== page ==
Foreign policy is not a game. It is not a contest, it is not a place to show off, and it must transcend mere politics. It is easy to draw red lines for Iran; it is hard to make Iran abide by them. It is easy to criticize China’s corrupt trade policies; it is hard to make China follow American rules. It is easy to condemn human rights abusers worldwide; it is hard to bring them to justice. It is easy to criticize security failures; it is hard to guarantee consistent success. It is easy to debate foreign policy; it is hard to actually have a foreign policy.
President Obama continues to cite specific successes without doing the hard thing and articulating a fuller narrative. Mr. Romney continues to criticize the President’s “apologetic” foreign policy, without articulating an actionable alternative. The president must realize that the success in toppling Qaddafi means nothing to the people dying today in Syria. Mr. Romney needs to learn that “killing the bad guys” is not a real-world strategy.
That it is two weeks to Election Day and neither candidate has yet to advance a concrete, realistic foreign policy agenda is perhaps expected, but it is unacceptable. The global stakes, as Romney has repeatedly pointed out, are too high for this. And, debate performance none withstanding, both Obama and Romney are egregiously at fault here.
In assessing both candidates’ foreign policies, the rational Republican and levelheaded Democrat must recognize some of President Obama’s successes. Intervening in Libya was good. Taking out bin Laden was very good (although boring, by now.) Sanctioning Iran, although acutely harmful to the Iranian people, is undoubtedly the strongest, sanest way to deter Iran from pursuing its worrisome nuclear agenda, and Obama has never wavered with this. Leaving Iraq and Afghanistan is the timely thing to do. There have, undeniably, been numerous high points in Obama’s foreign policy, and if we are to blame Obama for his failings, we must be fair and also praise him for his successes.
The same rational Republican and levelheaded Democrat must also see through the fallacy of many of Romney’s chief ideas. No president should antagonize China and Russia when both countries will not only refuse to listen but will worsen their relations with the U.S. in response; no president should throw around dangerously volatile rhetoric towards Iran just because of a particularly strong affinity for Israel; and no president, finally, should consistently utter soaring rhetoric about America’s God-given role to save the world when no one past our shores believes one word of it. American exceptionalism is a beautiful thing—Americans live by it, and it’s sometimes been true. But it often hasn’t.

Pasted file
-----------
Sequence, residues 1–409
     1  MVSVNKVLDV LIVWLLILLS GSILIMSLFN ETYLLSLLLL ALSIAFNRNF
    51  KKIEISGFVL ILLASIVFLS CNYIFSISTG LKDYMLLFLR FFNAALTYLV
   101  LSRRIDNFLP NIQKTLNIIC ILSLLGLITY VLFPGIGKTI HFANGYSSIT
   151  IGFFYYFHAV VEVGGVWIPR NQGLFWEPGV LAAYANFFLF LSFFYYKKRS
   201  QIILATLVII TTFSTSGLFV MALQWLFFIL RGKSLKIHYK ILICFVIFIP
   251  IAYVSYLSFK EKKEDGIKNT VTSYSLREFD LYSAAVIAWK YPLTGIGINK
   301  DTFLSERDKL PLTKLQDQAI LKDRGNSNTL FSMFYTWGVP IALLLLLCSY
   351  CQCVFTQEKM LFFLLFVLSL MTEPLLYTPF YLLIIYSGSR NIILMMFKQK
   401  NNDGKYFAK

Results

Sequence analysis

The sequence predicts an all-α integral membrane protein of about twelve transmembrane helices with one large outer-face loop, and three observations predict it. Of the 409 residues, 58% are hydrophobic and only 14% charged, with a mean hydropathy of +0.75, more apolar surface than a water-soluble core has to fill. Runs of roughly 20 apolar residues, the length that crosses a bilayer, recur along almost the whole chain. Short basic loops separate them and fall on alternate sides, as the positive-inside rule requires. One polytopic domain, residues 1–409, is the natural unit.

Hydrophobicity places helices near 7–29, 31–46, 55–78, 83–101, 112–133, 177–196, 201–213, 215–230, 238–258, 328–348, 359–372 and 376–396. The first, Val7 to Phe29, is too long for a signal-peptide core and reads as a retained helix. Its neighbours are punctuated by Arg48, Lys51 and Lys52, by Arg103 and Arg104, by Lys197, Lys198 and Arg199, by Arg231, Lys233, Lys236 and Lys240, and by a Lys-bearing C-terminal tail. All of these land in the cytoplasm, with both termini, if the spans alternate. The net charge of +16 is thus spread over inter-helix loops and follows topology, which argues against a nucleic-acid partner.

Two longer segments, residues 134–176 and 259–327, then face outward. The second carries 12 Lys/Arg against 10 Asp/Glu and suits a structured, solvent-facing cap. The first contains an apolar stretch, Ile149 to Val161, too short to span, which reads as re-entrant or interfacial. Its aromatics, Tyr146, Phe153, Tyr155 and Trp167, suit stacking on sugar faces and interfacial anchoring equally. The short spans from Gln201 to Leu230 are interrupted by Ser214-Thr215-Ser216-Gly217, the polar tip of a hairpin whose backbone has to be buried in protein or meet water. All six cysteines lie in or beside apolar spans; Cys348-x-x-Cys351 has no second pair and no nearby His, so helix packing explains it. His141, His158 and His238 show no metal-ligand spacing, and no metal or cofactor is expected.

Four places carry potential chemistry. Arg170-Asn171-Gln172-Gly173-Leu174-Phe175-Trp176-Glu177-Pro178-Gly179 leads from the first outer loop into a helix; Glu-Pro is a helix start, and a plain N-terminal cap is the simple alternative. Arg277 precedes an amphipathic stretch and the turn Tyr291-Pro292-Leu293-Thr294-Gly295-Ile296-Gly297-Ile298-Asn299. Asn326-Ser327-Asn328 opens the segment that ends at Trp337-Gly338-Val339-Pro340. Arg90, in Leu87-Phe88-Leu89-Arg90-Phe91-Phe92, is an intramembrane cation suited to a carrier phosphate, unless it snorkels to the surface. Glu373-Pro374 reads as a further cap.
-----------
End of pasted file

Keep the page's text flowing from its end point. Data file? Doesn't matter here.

And yet, hidden under all this empirically meaningless rhetoric, Romney gets one point remarkably right. While President Obama succeeded in Libya, he failed in Iran in 2009. While Obama ultimately made the right call towards Egypt, he’s failing the Syrian people today. To be sure, there was reason for Obama to stay silent during the 2009 Iranian uprisings—because there was nothing he could have actually done to change anything on the ground. So too, is there wisdom in the argument that throwing weapons into Syria will not make things better—although, I’d argue that the time for that fear has come and gone months ago.
But the problem, which Romney should be hitting on harder, is that this pattern of inaction and action does not represent a plan; it does not represent—what’s the word—a foreign policy. A policy must be endurable, it must be flexible, and it must be overarching. Obama shies away from the overarching, but this is no excuse. Even a pragmatist has criteria. Obama seems to have none, leaving all his individual accomplishments seeming somewhat hollow in the lack of some clear view of what America’s foreign policy should be.
I critique, you might say, without offering an actual solution. So let’s try to piece such a solution together. America’s foreign policy should, firstly, recognize its own limits, especially during a time where much of the anti-American world is coming into its own. But this foreign policy should maintain guidelines on action and inaction that signal to the world where America stands in relation to the Arab Spring, while maintaining flexibility in terms of providing different kinds of aid to different troubled countries. This foreign policy should prevent Iran from acquiring a nuclear weapon, without shouting about it so loudly. It should emphasize the importance of Israeli-Palestinian peace talks and act as a real mediator. It should highlight America’s commitment to the sustainability of the Eurozone. And finally, it should talk about freedom only when we actually plan to do something about it.
This is simplistic, of course. But it is so obviously necessary in a way that both campaigns have seemingly failed to grasp. For those dying daily in Syria, all of our talk of bringing freedom to the world is illusory. The rhetoric only works if we act exceptionally, and right now America has a long way to climb.